When you spend a few days rapidly reading through thousands of pages of papers, awkwardly tied together with treasury tags, there comes a point when your eyes glaze over and you find yourself flicking over pages that your brain hasn’t even begun to comprehend.
Then a word or a name jumps out at you.
Not the kind of word you’d expect a senior press officer to use in a typed note to the head of the NI Civil Service, Sir Kenneth Bloomfield.
The context was that the IRA had planted four bombs – Semtex packed with bullets – in what was described by an RUC spokesman as a “necklace of death” around Sir Kenneth Bloomfield’s Helen’s Bay home. At 6.15am on 12 September 1988 two of the devices exploded. The family were treated for shock. (It wasn’t Bloomfield’s first experience of bombing, with childhood memories of Luftwaffe bomb hitting the next door neighbour’s house in Ballyholme.)
A month later on 19 October 1988, the Home Secretary Douglas Hurd announced the broadcasting ban that stopped representatives of organisations in Northern Ireland believed to support terrorism speaking directly on the airwaves.
That weekend, the Mail on Sunday carried a story conflating the broadcast ban with the bombing of Bloomfield’s home.
Digging into the source, press chief Andy Wood discovered that journalist Peter Dobbie had based his theory on his memory of Bloomfield’s comments at a dinner:
“It was bad enough being bombed: what was really totally unacceptable was hearing Adams on ‘Talkback’ the same day extending, on the IRA’s behalf, the threat to the rest of the Civil Service”.
Speaking to the journalist, Wood was unable to dissuade him from “his perception of the train of events” and his belief that the attack on Bloomfield had spurred the Prime Minister and Home Secretary into action.
Local civil servants did not seem to share London’s view that a broadcasting ban was a positive move, and felt that they may increasingly become targets.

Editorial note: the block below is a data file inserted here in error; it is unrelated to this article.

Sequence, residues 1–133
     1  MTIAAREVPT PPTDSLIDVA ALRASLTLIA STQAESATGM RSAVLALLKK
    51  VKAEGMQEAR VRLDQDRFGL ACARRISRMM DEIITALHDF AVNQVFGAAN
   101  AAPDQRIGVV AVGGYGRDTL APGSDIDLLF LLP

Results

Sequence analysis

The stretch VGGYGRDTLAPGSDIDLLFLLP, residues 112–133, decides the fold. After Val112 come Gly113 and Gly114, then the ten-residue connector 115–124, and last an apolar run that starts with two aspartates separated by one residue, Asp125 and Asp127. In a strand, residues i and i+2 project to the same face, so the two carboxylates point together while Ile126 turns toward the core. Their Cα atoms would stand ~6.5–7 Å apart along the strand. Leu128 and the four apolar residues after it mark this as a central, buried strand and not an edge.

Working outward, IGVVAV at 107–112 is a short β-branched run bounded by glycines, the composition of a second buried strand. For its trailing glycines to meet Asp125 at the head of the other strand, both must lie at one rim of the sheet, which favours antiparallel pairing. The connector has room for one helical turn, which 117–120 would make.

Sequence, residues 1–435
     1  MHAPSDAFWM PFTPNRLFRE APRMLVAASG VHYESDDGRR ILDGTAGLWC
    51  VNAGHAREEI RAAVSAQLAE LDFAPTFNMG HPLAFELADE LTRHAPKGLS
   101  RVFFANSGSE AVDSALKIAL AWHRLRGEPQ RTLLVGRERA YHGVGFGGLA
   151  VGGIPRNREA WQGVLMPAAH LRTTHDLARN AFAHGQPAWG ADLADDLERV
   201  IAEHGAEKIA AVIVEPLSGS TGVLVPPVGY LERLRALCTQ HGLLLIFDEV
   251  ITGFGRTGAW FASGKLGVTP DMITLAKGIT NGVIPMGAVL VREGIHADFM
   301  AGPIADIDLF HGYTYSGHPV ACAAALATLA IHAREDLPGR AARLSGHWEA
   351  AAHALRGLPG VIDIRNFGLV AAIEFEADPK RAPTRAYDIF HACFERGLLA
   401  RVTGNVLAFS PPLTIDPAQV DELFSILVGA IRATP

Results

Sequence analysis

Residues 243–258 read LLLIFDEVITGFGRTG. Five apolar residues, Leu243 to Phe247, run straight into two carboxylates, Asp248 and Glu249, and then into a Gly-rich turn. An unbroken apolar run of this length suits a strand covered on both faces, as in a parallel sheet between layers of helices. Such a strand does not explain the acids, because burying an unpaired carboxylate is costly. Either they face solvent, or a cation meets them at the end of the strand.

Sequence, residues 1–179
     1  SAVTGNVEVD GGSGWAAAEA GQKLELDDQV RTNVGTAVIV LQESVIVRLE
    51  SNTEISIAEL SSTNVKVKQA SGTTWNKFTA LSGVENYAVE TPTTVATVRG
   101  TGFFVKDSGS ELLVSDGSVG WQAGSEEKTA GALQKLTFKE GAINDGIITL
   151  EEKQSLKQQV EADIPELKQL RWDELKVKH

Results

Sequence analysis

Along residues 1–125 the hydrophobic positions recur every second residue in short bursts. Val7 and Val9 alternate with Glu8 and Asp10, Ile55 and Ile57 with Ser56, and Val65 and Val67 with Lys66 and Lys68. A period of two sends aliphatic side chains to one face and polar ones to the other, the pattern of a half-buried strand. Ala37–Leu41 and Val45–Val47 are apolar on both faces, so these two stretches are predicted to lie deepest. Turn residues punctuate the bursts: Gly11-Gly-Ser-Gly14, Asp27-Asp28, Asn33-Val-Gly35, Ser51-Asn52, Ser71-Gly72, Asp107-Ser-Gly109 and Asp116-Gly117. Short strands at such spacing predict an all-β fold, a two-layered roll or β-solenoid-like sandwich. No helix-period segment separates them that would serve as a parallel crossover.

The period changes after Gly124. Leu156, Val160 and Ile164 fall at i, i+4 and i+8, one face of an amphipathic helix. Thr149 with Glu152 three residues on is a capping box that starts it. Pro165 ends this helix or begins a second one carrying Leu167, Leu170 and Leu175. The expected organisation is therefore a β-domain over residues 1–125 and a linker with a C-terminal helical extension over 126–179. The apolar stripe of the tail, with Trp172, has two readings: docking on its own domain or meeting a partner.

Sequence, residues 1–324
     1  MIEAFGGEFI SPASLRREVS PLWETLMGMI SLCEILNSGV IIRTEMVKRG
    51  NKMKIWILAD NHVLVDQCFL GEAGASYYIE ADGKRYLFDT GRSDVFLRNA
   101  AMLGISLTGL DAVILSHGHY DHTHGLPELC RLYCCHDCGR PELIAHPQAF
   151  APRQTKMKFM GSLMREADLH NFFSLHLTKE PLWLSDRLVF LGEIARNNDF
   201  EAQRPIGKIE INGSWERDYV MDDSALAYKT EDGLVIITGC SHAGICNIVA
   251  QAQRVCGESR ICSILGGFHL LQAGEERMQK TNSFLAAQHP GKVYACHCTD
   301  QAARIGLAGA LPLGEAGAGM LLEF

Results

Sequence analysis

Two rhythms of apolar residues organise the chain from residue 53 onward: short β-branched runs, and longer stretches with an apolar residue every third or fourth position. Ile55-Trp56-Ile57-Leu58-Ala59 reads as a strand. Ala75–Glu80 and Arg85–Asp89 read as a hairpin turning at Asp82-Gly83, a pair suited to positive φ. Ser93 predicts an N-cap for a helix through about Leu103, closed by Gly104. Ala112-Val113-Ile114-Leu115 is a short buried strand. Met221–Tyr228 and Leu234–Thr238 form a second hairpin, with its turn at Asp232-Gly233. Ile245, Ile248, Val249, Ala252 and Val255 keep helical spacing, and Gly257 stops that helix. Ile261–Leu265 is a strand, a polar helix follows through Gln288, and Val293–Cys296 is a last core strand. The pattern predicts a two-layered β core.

Wood finished his seven paragraph note saying:
“You will know that I too have – and have expressed – my severe reservations about ‘gags’ like this latest measure. It is a matter of some concern to me that, despite the ability of the Belfast and London media to divine – correctly – my private feelings on this score some dickhead in West Belfast might put me in the frame as one the supporters of this scheme and act accordingly.” [emphasis added]
There is no evidence of a formal reply from Bloomfield in the Information Services file, and I didn’t have time to find look in Bloomfield’s own files to see if he annotated his copy of the note.
The same file begins with letters and memos detailing plans to publish an “Anniversary Book” to mark the twentieth anniversary of 1969.
NIO ministers feared that the “compulsive chapter on violence” may attract readers’ attention who may never read the rest of the text which intended to promote how Northern Ireland had positively changed over the intervening 20 years.
Sir Kenneth Bloomfield objected to the draft text which referred to “the worst slums in Europe” saying that “no doubt such silly things were said but they must have been said by people who have never visited such places as Naples or Oporto”.
Lord Skelmersdale wrote to Brian Mawhinney – both in the NIO – pointing out the “danger in willy-nilly distribution through DHSS public offices” which could be in “areas where, I fear, the government’s ‘message’ may not be welcomed either by the customers or the staff on both sides of the political divide”.